Bush Responds To Criticism On Tsunami

Bush Responds to Criticism on Tsunami

The Bush administration scrambled to repair the diplomatic damage done by the relative insouciance with which it had confronted the massive tsunami of last Sunday. The administration raised the aid now promised to an initial pledge of $350 million, and Bush arranged to send his brother Jeb with Secretary of State Colin Powell on a visit to the region. In Asia I think this gesture will be well received, since the brother of the president, himself a governor, will be seen as an important envoy.

I suspect Colin Powell was the architect of this about-face, and it makes you wonder whether future gaffes will be as swiftly or easily corrected by Condi Rice, Powell’s successor who is known to be much less independent of the president.

Meanwhile, a controversy raged about whether Bush’s promise of an ad hoc coalition of four nations to deal with the calamity was intended to undercut the United Nations. The UN has long experience in these matters and a standing bureaucracy ready to go; assembling ad hoc coalitions for every purpose may please American multilateralists, but it is highly inefficient.

Al-Jazeerah reports that Qatar has pledged $25 million to the relief efforts, and Saudi Arabia an initial $10 million. Other Middle Eastern countries, such as Iran, have already sent airplanes full of relief aid.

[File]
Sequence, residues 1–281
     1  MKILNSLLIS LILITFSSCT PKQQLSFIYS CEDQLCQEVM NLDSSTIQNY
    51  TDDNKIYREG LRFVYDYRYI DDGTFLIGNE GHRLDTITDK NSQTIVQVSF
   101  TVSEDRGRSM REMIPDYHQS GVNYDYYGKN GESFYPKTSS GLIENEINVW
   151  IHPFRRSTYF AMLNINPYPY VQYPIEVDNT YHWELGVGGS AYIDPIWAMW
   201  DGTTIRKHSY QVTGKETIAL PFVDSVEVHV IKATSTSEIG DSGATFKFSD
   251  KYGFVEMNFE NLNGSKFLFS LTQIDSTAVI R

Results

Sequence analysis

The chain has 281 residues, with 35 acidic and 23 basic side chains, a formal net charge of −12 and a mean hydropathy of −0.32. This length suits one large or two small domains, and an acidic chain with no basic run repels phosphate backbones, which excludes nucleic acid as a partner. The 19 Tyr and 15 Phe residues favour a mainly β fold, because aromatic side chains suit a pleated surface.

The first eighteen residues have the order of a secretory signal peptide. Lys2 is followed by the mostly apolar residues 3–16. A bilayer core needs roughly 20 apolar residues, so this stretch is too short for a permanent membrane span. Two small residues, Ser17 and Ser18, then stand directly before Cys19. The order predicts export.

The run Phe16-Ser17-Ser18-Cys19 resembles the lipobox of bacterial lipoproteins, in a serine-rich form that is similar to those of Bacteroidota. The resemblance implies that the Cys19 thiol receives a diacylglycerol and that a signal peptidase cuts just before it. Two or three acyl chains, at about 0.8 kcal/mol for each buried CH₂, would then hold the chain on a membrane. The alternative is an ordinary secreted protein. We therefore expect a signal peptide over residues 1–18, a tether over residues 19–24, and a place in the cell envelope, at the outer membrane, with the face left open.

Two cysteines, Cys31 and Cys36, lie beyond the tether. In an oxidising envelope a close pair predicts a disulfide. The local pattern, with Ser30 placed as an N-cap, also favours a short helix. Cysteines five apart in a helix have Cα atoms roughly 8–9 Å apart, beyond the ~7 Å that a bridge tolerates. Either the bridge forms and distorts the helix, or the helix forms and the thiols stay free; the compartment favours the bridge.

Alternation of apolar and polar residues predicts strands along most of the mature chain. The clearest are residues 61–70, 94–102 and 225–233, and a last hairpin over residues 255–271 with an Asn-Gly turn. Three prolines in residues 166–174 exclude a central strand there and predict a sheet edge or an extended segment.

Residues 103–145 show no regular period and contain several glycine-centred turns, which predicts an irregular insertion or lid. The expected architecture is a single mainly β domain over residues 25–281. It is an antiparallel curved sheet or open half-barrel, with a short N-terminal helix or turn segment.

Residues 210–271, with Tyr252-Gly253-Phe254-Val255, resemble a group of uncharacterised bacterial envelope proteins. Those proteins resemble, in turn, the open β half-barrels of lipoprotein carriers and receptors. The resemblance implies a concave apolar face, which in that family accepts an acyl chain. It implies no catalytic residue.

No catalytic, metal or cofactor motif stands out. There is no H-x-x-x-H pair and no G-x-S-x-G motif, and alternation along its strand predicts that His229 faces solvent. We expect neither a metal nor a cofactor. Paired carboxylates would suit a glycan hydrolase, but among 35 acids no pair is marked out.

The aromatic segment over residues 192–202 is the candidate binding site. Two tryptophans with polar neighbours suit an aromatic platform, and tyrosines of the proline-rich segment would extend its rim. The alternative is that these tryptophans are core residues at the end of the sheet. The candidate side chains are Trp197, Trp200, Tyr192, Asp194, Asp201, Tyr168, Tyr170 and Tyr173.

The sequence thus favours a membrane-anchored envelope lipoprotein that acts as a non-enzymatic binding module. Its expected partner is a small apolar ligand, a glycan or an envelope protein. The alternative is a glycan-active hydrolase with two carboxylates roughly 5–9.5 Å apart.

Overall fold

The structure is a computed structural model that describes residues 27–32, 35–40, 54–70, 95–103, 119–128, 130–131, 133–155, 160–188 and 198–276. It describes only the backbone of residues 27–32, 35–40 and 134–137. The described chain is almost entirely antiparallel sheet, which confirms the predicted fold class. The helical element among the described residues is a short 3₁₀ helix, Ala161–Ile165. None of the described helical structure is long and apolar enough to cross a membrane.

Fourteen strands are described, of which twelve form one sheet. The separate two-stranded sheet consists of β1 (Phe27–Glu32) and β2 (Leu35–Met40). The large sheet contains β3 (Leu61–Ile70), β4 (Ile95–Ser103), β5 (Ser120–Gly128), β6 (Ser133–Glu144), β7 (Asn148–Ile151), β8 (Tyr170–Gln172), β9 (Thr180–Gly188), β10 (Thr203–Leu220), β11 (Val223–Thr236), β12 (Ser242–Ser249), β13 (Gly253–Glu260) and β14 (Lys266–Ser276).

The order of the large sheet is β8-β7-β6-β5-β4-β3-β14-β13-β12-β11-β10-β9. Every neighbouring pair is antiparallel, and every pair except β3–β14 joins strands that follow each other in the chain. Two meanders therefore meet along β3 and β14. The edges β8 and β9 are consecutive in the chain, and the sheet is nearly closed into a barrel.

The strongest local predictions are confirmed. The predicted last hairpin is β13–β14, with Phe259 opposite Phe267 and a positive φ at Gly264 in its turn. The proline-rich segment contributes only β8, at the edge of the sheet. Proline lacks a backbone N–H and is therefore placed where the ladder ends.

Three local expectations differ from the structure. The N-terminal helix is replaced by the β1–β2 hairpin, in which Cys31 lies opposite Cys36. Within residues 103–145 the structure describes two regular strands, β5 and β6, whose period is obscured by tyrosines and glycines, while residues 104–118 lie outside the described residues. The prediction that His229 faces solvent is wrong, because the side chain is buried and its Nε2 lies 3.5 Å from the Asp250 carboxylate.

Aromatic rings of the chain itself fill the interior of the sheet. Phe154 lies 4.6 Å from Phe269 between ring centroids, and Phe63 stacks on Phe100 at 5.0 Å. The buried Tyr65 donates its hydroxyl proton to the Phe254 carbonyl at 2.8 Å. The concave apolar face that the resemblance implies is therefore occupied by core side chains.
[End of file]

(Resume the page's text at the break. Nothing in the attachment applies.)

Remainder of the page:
Pakistan sent money to India, its old enemy. Islamabad also sent emergency aid to Indonesia.

India mobilized its navy not only to aid its own citizens, but to help Indonesia as well.

It is very odd that nations cooperate to help each other in the face of natural disasters. But when they become angry over some minor dispute, they are perfectly happy to inflict far more damage on each other than mother nature ever did. Pakistan and India were seriously contemplating using nukes on each other as recently as 2002. Now Islamabad is sending rupees to Delhi, and Delhi is expressing gratitude.

Now that nukes are becoming so common, humanity has to find a way to move into permanent cooperative and helping mode. War is gradually becoming unthinkable. The massive tsunami’s toll has now risen to 150,000, but an Indo-Pak nuclear exchange would have killed 10 million.

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